Sunday, May 24, 2015


Another overtime shift!

I cringed when I received the assignment- the same ward where I had worked overtime a few weeks ago.  One of the orderlies on that ward is so nasty to me.

On that day, while hanging out in the back of the nurse's station, playing on her phone, this nasty person screamed at me, "You are the only nurse who has to tell me to do work."  She named a bunch of other nurses and added, "They don't have to tell me what to do.  I just DO IT."

"So your behavior today is something you do to me only?" I asked.

She stumbled with the concept for a moment and then blurted out, "YES."

So I took my time getting to the ward, hoping that the nasty orderly was off.

Well, she was there.  But she was taking blood pressures.  She was on the floor working, not in the back, on her phone, screaming at me.

Another nurse was in charge that day.  I told her that I was nervous returning to this ward because of the nasty orderly's behavior.  The other nurse was surprised.  "She always does work when I'm here."  But she understood.  She told me, "I have overheard so many people, not just orderlies, but other nurses as well as supervisors, stand around and criticize you.  Not your work.  They say that they can't stand your voice and that you think you are better than they are."

I shared something I heard about her.  "I stopped going to nursing meetings because at the last one I attended, discussion turned to who you were sleeping with."  The other nurse's mouth gaped open.  "I think that such gossip had no place in a formal meeting and am thoroughly disgusted with our so-called nursing leaders."

The other nurse told me to disregard such unprofessional people and remember that I am at work to serve the patients and get paid.

Saturday, May 23, 2015

Losing my Innocence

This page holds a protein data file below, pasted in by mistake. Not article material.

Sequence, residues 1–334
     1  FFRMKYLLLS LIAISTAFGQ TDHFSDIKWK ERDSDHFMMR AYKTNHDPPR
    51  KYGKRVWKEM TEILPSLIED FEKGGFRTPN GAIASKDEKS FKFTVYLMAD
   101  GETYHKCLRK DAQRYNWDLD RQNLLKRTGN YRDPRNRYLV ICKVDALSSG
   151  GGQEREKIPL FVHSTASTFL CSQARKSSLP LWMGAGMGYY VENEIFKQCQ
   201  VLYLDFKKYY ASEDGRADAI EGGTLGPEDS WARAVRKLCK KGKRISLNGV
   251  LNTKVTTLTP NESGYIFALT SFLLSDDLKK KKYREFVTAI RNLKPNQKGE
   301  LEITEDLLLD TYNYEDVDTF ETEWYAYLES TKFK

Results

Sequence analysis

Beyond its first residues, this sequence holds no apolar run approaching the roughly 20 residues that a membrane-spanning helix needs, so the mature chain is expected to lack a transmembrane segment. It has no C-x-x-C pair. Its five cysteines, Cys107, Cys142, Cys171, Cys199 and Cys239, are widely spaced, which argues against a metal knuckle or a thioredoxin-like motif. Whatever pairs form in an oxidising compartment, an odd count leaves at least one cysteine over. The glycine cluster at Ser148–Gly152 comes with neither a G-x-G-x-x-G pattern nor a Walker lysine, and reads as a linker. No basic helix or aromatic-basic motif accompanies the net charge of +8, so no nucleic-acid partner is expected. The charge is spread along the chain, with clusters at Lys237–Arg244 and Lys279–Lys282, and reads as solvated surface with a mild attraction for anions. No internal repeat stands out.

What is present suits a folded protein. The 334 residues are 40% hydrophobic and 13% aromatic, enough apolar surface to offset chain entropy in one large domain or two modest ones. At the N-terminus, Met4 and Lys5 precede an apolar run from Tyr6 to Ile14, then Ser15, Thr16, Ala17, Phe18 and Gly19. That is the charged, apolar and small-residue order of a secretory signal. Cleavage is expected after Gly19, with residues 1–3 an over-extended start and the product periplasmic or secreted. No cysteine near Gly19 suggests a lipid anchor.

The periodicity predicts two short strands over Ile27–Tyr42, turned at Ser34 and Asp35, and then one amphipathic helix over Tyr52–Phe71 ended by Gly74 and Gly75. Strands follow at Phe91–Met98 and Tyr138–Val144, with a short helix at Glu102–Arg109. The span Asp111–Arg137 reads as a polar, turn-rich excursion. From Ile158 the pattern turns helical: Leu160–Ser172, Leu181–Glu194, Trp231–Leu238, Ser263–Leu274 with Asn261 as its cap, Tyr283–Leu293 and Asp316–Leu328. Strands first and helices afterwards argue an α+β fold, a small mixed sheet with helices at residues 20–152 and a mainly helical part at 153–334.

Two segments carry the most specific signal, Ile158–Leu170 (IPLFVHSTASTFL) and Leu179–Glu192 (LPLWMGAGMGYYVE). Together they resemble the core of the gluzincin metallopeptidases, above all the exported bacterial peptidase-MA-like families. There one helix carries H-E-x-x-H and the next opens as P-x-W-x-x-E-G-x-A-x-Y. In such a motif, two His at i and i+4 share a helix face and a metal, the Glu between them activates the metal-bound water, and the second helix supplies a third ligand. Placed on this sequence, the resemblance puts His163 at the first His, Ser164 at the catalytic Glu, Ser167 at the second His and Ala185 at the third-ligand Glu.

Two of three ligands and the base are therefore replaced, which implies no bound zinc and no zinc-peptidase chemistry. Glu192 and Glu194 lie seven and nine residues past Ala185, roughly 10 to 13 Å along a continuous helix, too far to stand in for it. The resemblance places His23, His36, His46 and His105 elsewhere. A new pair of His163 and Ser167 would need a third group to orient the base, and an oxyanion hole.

A new nurse told me:

One of the staff said, "You're not nice anymore.  You're like Enid.  She was nice and sweet and now she doesn't take shit from anyone."

I smiled.

My reflections:  So this was all an act by these spoiled "co-workers" of mine?  Temper tantrums like a toddler.  The many times I was reported to the supervisor, listened to them whine and complain like spoiled brats while the supervisor took their side- this was all a game of pretend?  They're still doing it.

And I still do take their shit.  But now I can avoid a lot of these people and hopeless situations.  And I am glad that I can inform new hires that it's not their fault.

Friday, May 22, 2015

Magic Computer

The newest generation of new schedules and reports started when the supervisor locked me out of the prior generation.  Basically, I started from scratch- again.

I took a mental health day ("sick day"), planning on sending out the required schedules and reports upon my return.

Instead, I was besieged with phonecalls and emails by employees who were mad because they either did not get a copy or the copy was riddled with errors and omissions.

Supervisor dismissed the complaints.  She had emailed or faxed an outdated schedule, one I made before I was locked out.  She determined who gets a copy and who doesn't by first calling the intended recipient.  If the person did not answer the phone or was out for the day, she did not email them the schedule.

"Why would I send an email to someone who is not here?" she explained, as if this was common sense.

She does not understand the concept that email will wait inside the Magic Computer until retrieved.

I passed the complaining phonecalls along to her.  For one of the employees, she explained to me that the person could not be calling because he was having gastric bypass surgery.  I insisted that he really was on the phone and at work.

"Did he tell you he was having surgery?" I asked.

"No," she answered, "But he is so big, I just figured that if he was out, it was to have the surgery."  She doesn't jump to conclusions, she cannon balls into them.

At one point, she told me that I don't have to give her every phonecall; instead, I should ask the caller if he/she is at the computer and can get the email right then and there.  I told her that the email does not disappear if not immediately read.  She looked at me as if I was telling a superb lie and almost had her believing.  So I gave an example that blew up in my face, of course.  "When you come in to work after being out overnight or even several days, you have email waiting for you from all that time, yes?"

This was all she needed to be convinced that I was fooling her.  "How would you know what email I have, not unless you broke into my email!" she exclaimed.  She scurried away and I could hear her calling the "computer lady" to reset her email passcode.  Again.